Can the addition of radiotherapy postoperatively increase clinical outcome of patients with gastric cancer? A systematic review of the literature and meta-analysis

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Oncotarget. 2018; 9:10734-10744. https://doi.org/10.18632/oncotarget.23754

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Francesco Fiorica _, Marco Trovò, Alessandro Ottaiano, Guglielmo Nasti, Ilaria Carandina, Marina Marzola, Paolo De Paoli and Massimiliano Berretta


Francesco Fiorica1, Marco Trovò2, Alessandro Ottaiano3, Guglielmo Nasti3, Ilaria Carandina4, Marina Marzola4, Paolo De Paoli5 and Massimiliano Berretta6

1Department of Radiation Oncology, University Hospital Ferrara, Ferrara, Italy

2Radiotherapy Division, “Santa Maria della Misericordia” Hospital Udine, Udine, Italy

3Division of Abdominal Medical Oncology, National Cancer Institute, “Pascale” Naples, Naples, Italy

4Department of Medical Oncology, University Hospital Ferrara, Ferrara, Italy

5Scientific Directorate, National Cancer Institute (CRO), Aviano (PN), Italy

6Division of Medical Oncology A, National Cancer Institute (CRO), Aviano (PN), Italy

Correspondence to:

Francesco Fiorica, email: f.fiorica@ospfe.it; francesco.fiorica@unife.it

Keywords: radiotherpy gastric cancer; adjuvant therapy gastric cancer; radiochemotherapy gastric cancer

Received: September 05, 2017     Accepted: December 08, 2017     Published: December 28, 2017


Background: Although several studies have been carried out to determine the best treatment for gastric carcinoma, the data on survival rate still remain inconclusive.

Objective: To evaluate the effects of postoperative radio-chemotherapy on overall and disease-free survival.

Data Sources: MEDLINE and CANCERLIT searches of reference lists (for the period 1970 to 2016) were supplemented with hand search of reference lists.

Study selection: The present work includes randomized controlled trials comparing postoperative radio-chemotherapy to postoperative chemotherapy or to surgery alone in patients with resected gastric carcinoma without evidence of metastatic disease. Ten randomized controlled trials were analyzed in total: four compared postoperative radiochemotherapy to surgery alone (708 patients), and six compared postoperative radiochemotherapy to postoperative chemotherapy (1020 patients).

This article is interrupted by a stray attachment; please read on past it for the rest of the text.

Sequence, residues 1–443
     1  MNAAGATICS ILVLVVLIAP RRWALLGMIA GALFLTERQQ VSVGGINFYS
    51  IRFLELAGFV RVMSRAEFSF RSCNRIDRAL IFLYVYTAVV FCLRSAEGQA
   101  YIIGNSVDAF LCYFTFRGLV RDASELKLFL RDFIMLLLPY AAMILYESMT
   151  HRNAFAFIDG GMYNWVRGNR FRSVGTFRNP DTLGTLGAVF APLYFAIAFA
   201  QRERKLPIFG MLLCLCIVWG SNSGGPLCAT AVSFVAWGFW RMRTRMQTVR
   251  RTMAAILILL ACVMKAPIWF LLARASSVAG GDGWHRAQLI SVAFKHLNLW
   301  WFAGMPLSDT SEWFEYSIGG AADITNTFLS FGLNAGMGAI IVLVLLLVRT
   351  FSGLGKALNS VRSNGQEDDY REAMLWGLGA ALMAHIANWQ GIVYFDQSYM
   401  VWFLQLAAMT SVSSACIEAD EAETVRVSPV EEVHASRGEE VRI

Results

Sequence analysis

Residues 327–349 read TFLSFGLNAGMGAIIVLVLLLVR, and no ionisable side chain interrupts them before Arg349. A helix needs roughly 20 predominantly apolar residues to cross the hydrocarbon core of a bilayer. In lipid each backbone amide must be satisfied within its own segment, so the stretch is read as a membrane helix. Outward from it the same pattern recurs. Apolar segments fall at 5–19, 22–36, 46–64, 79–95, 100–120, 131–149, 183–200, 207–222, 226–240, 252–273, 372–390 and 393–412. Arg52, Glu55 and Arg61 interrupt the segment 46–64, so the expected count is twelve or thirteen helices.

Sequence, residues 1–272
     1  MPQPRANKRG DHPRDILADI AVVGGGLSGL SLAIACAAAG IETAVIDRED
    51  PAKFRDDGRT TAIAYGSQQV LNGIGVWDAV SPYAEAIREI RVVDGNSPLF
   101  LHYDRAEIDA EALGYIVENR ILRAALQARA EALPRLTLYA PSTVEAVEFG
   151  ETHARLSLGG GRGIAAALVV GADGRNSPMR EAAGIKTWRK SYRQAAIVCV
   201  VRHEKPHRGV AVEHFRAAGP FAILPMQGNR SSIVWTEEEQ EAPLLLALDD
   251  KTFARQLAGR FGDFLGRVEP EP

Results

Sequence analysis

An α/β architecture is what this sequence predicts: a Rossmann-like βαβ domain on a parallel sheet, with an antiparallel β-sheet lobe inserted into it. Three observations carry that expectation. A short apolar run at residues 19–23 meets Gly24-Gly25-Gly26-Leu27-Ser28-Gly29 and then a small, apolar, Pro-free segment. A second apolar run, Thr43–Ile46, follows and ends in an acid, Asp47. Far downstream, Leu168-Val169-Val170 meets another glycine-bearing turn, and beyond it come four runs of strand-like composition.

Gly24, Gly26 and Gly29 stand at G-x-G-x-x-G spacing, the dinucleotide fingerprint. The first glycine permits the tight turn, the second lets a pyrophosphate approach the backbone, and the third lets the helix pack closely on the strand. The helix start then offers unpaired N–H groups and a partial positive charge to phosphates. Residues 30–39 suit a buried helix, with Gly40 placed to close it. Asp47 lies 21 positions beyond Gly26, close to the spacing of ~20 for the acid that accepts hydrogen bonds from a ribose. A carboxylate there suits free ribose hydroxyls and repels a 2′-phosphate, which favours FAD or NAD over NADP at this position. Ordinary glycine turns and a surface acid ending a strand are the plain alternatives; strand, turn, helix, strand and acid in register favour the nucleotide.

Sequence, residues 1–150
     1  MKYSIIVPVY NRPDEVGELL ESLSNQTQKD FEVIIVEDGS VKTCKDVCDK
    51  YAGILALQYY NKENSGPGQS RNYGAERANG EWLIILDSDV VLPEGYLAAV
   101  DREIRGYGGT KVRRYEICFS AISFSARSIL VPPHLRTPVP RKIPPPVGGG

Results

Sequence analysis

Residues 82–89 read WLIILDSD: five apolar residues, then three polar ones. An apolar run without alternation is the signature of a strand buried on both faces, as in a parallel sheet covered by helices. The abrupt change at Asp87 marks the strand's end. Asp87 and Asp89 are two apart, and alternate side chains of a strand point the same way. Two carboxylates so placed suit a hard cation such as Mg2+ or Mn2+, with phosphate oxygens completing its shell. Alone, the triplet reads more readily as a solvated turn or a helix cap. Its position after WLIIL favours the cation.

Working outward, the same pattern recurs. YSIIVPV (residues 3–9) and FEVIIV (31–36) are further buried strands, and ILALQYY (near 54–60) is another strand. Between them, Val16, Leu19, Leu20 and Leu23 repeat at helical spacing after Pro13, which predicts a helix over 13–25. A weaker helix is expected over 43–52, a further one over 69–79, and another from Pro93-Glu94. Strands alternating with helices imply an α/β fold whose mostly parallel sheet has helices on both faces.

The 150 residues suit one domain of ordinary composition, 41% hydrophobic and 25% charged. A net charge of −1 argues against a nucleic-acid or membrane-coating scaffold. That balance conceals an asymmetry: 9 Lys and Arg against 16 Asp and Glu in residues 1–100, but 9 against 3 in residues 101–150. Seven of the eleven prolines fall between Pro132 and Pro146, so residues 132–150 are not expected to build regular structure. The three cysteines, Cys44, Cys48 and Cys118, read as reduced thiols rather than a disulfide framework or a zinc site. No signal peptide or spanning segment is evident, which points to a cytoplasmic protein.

Data extraction: According to “intention to treat” method, three independent observers have extracted from each trial, the data on patients, intervention, and outcomes. These data were subsequently combined using DerSimonian and Laird methods.

Results: Postoperative radiochemotherapy significantly increases 3-year and 5-year overall survival and 3-year and 5-year disease free survival rate compared to postoperative chemotherapy (RR 0.89; 95%CI 0.81-0.97 and RR 0.82; 95%CI 0.71–0.95) or surgery alone (RR 0.83; 95% CI 0.77-0.91 and RR 0.80; 95% CI 0.65–0.98).

Conclusions: In patients with resected gastric cancer, postoperative radiochemotherapy obtains: 1) an increase in overall survival, 2) an increase in disease free survival, and 3) a gain in 5 year disease free survival independent of surgical procedure.


Gastric carcinoma continues to represent an enigmatic and heterogeneous disease [1] also for its management. Gastric cancer is the fifth most common cancer in the world: despite significant improvements, it still is the third cause of death among cancer patients [2]. In 2007, a pooled analysis [3] of randomized clinical trials, including the Gastric Surgical Adjuvant Trial (INT0116) [4], showed that radiotherapy (RT) significantly increases 3-year and 5-year overall survival:even though the improvement is relatively limited it still is clinically important.

Performed along with adjuvant studies, the MAGIC trial demonstrate the advantage of preoperative chemotherapy, thus becoming the standard of treatment. [5] Furthermore, improvements in surgical technique showed an important role of lymphadenectomy to tumor stage accurately and to increase long-term survival. In Europe, a gastrectomy with dissection of perigastric nodes and second echelon lymph-nodes, the so-called D2 resection (at least 16 nodes for pathologic evaluation) is considered standard in curative-intent surgery [6]. In advanced gastric cancer, several studies have evaluated the impact of “super-extended” lymphadenectomy (D3 resection) on recurrences, suggesting that it does not decrease locoregional recurrences [7].

That being so, about 50% of advanced gastric cancer patients will experience a recurrence, more specifically about 30% will experience local recurrence. [8]. This high risk of recurrences, even when resection has been considered curative, makes advanced gastric cancer a hardly curable disease, although still treatable. Even if a standardized surgery with lymphadenectomy was used, radiochemotherapy combined with surgery could increase disease control. Since the results of randomized studies are inconsistent, it is hard to gauge the effect of combined treatment on survival. However, improved survival remains the main goal in the management of advanced gastric cancer.

The objective of this meta-analysis and systematic review were to provide a comprehensive and reliable summary of adjuvant radiation therapy effects regarding 3-year and 5-year overall survival and 3 year and 5 year disease-free survival and to examine and interpret heterogeneity in results.